Santa and truth

"Somewhere between lying about Santa (which isn't necessary)
and exposing the whole thing as a cruel hoax (which it isn't)
are countless other and sweeter resting places."

Some of these are responses to a question I'm not going to quote, not even anonymously, because the mom really came around later to be a strong, brave unschooling mom. :-) Some of the writing was repaired and updated a bit.

Sandra Dodd, Nov 7, 2012 (on Always Learning)

What I'm going to point out from your questions is the way you've couched it as a great struggle with winners and losers.

-=-I am looking for suggestions on the best way to handle Santa, the tooth fairy and the Easter bunny.-=-

"To handle" Santa? They're not real people. I know it's a normal everyday expression, but it sounds as though there's a struggle between you and this small army of "mythical beings."
-=-I feel like I've been forced into this lie by my society -=-
This is very dramatic. It might not seem that way to you. If not, it may be because you're used to thinking of things in harsh, dramatic ways in which you are a powerless victim.
-=-...and questioned my mom, who confessed. I remember being heart broken, feeling betrayed and wondering what else they were lying to me about.-=-
It might be a personality trait of yours to feel huge emotion about things, or to see yourself as forced and betrayed.

So before you consider any of the ideas people might bring to you or link here for you to read, this is important:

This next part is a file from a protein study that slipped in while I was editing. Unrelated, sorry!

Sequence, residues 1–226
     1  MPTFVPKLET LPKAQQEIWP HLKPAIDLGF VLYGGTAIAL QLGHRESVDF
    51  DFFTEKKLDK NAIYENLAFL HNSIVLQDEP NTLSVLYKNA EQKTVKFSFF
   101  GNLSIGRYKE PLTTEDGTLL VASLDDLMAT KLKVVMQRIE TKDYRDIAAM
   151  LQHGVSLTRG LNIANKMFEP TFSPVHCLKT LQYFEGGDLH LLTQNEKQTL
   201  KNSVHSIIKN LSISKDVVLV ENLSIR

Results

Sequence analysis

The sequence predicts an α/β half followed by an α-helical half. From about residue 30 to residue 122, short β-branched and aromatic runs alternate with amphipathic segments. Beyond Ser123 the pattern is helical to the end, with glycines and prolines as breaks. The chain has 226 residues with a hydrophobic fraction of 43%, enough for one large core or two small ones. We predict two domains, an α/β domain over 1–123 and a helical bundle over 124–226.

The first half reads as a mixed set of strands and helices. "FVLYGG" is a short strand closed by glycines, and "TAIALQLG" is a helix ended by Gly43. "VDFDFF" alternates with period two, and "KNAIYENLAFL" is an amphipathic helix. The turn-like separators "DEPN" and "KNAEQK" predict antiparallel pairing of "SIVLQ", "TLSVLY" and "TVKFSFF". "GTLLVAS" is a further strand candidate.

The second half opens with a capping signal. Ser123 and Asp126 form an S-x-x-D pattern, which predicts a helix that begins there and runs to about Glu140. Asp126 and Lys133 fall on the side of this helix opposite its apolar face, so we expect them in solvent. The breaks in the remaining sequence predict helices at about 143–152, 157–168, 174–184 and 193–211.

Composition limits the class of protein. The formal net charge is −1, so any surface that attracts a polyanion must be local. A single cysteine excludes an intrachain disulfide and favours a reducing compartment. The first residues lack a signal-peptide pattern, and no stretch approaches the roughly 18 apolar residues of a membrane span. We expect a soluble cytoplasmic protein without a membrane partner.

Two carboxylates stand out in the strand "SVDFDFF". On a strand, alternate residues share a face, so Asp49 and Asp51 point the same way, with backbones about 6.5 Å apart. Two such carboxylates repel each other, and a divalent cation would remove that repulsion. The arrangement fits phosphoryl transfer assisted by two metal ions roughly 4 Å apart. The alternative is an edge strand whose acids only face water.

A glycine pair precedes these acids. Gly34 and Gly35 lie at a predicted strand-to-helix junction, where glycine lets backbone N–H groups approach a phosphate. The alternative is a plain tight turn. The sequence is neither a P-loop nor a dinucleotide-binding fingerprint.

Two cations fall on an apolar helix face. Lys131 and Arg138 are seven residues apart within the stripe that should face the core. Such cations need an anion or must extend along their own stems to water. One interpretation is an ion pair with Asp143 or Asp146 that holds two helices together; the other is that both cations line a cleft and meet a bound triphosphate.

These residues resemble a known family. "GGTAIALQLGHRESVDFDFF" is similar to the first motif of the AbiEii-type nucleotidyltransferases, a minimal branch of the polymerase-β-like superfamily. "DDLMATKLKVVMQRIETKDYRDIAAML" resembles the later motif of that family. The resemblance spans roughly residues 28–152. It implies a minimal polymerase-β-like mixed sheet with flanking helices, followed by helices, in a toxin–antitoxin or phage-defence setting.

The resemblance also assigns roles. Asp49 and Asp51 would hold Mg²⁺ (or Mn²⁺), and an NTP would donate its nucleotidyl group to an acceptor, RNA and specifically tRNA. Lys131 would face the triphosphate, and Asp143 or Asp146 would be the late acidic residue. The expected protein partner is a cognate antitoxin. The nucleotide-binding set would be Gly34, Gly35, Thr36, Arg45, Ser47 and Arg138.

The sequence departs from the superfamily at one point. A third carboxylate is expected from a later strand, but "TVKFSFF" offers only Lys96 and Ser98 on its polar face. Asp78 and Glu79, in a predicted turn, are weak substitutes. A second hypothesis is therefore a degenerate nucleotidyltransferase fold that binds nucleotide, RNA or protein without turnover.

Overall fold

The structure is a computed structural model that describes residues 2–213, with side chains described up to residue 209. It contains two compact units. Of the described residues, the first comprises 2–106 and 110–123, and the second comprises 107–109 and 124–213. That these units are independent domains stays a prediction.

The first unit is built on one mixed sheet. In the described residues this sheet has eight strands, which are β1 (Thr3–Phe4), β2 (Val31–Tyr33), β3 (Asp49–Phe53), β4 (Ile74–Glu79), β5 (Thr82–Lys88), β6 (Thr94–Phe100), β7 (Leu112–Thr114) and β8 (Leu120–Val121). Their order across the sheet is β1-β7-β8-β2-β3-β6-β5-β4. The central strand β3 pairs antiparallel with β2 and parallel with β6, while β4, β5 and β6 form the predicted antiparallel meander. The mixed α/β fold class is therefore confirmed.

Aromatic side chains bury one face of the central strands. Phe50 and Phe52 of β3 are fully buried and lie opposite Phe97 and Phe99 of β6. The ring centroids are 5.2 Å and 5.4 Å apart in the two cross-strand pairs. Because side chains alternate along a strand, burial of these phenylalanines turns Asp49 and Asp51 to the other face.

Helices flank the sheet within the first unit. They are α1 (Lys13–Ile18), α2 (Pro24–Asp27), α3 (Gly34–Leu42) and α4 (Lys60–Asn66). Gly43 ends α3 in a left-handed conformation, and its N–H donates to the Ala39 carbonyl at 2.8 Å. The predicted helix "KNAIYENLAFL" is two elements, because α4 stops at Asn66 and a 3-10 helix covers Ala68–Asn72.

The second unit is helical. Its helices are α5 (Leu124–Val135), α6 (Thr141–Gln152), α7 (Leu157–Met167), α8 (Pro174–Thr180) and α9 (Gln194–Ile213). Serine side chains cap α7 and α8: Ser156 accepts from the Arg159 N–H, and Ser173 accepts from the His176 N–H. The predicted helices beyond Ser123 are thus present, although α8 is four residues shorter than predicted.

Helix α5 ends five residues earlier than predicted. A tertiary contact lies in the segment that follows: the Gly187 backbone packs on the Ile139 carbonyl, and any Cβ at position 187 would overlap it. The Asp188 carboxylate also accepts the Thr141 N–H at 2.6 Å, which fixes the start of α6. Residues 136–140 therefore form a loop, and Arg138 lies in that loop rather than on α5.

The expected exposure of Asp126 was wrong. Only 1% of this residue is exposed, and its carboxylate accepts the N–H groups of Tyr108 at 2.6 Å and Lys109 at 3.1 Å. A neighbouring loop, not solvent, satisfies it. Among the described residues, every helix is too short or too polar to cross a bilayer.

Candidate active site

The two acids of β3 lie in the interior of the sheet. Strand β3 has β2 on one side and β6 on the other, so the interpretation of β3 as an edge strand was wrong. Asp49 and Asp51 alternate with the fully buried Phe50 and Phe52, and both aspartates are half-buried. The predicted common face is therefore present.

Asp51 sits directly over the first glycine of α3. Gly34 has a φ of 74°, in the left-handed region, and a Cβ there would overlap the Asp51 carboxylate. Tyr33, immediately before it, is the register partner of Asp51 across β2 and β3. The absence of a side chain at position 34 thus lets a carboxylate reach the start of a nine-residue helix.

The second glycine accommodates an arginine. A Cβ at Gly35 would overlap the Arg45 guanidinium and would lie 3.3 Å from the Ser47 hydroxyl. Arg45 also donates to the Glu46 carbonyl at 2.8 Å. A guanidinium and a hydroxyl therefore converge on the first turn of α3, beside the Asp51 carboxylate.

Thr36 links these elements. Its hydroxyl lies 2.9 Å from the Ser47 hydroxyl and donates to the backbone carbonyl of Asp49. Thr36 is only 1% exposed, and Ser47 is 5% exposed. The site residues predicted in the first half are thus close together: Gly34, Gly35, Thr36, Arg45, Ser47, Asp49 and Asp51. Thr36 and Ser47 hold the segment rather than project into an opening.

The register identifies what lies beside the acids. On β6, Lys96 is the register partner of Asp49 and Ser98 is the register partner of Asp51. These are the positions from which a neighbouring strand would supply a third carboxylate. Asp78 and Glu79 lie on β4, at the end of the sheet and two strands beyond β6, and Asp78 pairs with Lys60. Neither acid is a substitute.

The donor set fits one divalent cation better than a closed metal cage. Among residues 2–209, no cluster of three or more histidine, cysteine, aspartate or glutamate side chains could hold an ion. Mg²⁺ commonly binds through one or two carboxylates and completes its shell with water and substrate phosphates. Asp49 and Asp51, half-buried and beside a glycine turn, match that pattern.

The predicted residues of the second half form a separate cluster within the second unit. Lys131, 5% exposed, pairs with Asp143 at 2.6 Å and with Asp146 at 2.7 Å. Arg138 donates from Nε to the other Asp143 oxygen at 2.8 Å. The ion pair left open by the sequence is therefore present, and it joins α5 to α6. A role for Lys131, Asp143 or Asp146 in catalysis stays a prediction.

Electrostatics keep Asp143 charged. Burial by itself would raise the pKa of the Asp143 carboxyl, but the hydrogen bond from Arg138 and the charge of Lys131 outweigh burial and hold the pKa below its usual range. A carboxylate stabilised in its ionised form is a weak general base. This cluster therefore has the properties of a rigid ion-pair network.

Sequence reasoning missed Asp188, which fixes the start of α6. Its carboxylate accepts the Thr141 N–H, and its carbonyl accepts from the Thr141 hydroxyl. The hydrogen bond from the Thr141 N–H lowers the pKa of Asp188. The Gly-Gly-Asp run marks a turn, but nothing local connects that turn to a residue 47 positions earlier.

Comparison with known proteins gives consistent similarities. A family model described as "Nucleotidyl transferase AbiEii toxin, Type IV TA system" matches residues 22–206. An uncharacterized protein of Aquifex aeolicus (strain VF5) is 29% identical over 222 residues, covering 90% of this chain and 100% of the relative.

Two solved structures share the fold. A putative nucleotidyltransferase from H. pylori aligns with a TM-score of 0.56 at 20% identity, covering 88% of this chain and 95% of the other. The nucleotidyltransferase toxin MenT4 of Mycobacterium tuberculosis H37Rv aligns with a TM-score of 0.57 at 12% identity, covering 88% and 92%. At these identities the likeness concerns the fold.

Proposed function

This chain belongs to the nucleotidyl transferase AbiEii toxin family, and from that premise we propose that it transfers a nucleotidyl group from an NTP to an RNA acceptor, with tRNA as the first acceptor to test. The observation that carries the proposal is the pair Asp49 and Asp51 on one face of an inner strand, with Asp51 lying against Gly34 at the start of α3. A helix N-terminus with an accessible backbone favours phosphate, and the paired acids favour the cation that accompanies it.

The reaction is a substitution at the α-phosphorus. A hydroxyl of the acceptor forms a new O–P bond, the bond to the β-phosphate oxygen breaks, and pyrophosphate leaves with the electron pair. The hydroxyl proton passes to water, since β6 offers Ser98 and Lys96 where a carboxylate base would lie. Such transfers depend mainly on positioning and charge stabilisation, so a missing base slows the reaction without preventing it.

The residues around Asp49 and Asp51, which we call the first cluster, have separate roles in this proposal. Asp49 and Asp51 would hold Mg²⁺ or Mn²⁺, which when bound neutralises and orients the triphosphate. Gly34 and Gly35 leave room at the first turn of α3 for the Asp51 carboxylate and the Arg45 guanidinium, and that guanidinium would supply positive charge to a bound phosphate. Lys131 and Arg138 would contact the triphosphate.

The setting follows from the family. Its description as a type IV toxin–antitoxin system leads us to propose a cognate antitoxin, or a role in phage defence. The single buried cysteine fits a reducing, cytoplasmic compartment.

Reposition yourself, on the battlefield you have created in your mind, in this way:
You are your child's partner. You're doing things together. You're helping her have a nice life. Nobody is forcing you to betray her or break her heart. It's not that life-or-death a deal. When she says "Santa is real, right?" you could say "there are guys dressed like Santa in malls. They're acting. There are people pretending to be Santa in movies. That's not the real Santa." You could give her information that is true and helpful to help her figure it out.

What I told my kids was "I never saw Santa, but what I do know is then I put a stocking out at night, there were toys and candy in the morning, so I think you ought to put a stocking up."

Say what IS true. You don't need to embroider or explain how he will get down a chimney or through a locked door. You could say "Who knows?" Or "It's something that just happens differently different places."

But be calmer within your own soul. Don't feel helpless and forced. And don't tell us you don't feel helpless and forced because no one pressed you to write to us, and you chose your own words. You might deny the feeling, but your word choices do show something of your feelings.

These will help:


Colleen Prieto, in the same discussion: